Wednesday, April 25, 2018

Freedom in the Freedom Chair

Path to Edith Cavell Glacier, Jasper NP, Alberta, Can

I had been wanting a good all-terrain wheelchair for a long time.  I wanted to get back to the wilderness.  Partly because it was something I loved, that made me happy.  Partly because it was a huge part of my identity that had been missing for some time (how can you say you like backpacking, if you can no longer do it?).  And partly because it was something my friends and family loved, and I wanted to be a part of that.

Approximately two years ago, I  received a huge box in the mail -- my new all-terrain Freedom Chair from GRIT.  My seated wilderness adventures were about to begin!

Conquering Seattle sidewalks
There is a learning curve involved with the Freedom Chair.  I soon learned where it didn't work for me (tight spaces, airplanes, narrow trails) and where it was a perfect fit (Road trips, airplane stowage, Seattle sidewalks, fire roads, wildlife refuge trails, Rails-to-Trails paths, and wide hiking trails).  I learned the chair's quirks and how to overcome them (the levers can't be on when backing up).  I also learned how to supplement the advantages of the chair (a willing and able "pusher" helped me to go farther and steeper).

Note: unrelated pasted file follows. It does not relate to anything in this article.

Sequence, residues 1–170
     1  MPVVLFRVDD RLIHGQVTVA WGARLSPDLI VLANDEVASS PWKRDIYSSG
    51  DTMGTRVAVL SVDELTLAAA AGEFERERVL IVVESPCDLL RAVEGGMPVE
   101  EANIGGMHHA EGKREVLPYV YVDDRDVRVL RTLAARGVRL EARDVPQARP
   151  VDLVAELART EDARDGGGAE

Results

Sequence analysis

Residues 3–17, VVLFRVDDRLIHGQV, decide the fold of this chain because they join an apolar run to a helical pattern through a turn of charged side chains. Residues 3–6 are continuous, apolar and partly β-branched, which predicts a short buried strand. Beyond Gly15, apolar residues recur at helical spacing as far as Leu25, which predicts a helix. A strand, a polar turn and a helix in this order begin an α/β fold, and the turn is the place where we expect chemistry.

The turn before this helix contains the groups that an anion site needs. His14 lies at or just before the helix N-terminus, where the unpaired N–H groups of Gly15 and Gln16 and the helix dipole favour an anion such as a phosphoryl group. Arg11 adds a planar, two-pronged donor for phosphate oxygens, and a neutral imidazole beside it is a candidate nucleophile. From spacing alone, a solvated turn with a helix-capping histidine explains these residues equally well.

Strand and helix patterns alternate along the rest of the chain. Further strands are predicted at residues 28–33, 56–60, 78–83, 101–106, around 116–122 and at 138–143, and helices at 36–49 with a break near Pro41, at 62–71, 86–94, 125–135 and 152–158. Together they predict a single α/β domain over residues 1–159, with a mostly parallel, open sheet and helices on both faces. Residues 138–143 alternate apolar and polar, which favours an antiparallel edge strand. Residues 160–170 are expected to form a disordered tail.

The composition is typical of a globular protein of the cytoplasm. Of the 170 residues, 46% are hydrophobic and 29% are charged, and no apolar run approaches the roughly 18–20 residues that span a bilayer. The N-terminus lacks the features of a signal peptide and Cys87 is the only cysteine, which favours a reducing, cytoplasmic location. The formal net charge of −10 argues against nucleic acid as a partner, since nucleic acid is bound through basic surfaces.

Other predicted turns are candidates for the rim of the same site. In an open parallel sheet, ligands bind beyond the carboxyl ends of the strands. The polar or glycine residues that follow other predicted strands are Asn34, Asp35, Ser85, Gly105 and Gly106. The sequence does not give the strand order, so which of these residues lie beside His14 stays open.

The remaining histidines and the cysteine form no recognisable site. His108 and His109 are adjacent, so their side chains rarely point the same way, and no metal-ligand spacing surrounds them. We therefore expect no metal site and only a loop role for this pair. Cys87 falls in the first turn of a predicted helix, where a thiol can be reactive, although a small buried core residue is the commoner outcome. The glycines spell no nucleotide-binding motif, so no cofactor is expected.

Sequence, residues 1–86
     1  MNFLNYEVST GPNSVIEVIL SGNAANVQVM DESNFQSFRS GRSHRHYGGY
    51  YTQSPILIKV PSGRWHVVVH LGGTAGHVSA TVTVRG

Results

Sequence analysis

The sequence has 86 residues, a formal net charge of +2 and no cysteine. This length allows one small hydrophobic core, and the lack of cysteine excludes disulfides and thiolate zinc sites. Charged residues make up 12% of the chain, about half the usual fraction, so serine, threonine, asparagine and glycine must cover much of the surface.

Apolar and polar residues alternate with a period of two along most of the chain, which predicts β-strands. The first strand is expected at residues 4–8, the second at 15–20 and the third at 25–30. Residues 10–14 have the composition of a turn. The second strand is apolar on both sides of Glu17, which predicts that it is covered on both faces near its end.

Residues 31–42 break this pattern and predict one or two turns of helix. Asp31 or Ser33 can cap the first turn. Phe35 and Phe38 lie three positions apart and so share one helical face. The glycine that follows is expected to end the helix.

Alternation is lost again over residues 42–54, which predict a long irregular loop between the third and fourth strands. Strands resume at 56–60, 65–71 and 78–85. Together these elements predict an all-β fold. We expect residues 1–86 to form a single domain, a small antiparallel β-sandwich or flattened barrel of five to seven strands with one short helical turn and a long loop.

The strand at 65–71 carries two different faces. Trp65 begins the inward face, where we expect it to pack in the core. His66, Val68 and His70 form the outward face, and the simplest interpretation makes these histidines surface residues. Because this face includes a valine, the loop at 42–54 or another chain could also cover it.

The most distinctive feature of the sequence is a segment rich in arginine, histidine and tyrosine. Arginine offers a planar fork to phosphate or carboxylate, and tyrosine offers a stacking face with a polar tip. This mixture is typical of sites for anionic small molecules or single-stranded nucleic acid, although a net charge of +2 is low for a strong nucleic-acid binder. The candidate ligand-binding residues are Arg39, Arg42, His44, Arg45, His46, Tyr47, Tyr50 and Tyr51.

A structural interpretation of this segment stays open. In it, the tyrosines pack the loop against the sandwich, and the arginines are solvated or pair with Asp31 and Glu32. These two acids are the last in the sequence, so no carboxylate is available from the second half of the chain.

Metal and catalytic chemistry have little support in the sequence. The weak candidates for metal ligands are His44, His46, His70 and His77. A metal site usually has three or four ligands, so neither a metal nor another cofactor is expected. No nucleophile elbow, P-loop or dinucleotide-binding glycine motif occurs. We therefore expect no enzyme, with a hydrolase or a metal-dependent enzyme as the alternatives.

Fall larches from Rainy Lake, WA

With the Freedom Chair, I have been able to return to the
wilderness, doing what I love to do, reclaiming that missing piece in my life and my identity.



    • Black bear, Mt Rainier NP, WA
      Elk, Jasper NP, AB

      Marmots, Jasper NP, AB
      Trillium, WA
      Botanical Gardens,  Seattle

      Edith Cavell Glacier, Jasper NP, AB

      Gold Pond, WA


      • HIKING 

           Western WA woods

      Discovery Park, Seattle

      Othello Tunnels, BC

      Canadian Mountains (BC & AB)

      Asilomar State Beach, CA

        Just as importantly, the Freedom Chair has allowed me to join in and be part of the group
      Snoqualmie River, WA
      Lake Chelan, WA

      Snoqualmie River, WA
      Gold Pond, WA
      Columbia River, OR

      I have always believed -- and this has been strongly re-inforced by a progressive disease -- that if there's something that you love to do and you can somehow do, then you should do it now.  With disability, the idea of what you can do must be creatively and flexibly supplemented with different ways of doing things and with adaptive tools, such as the Freedom Chair.  My next step is to figure out the logistics to go backpacking!

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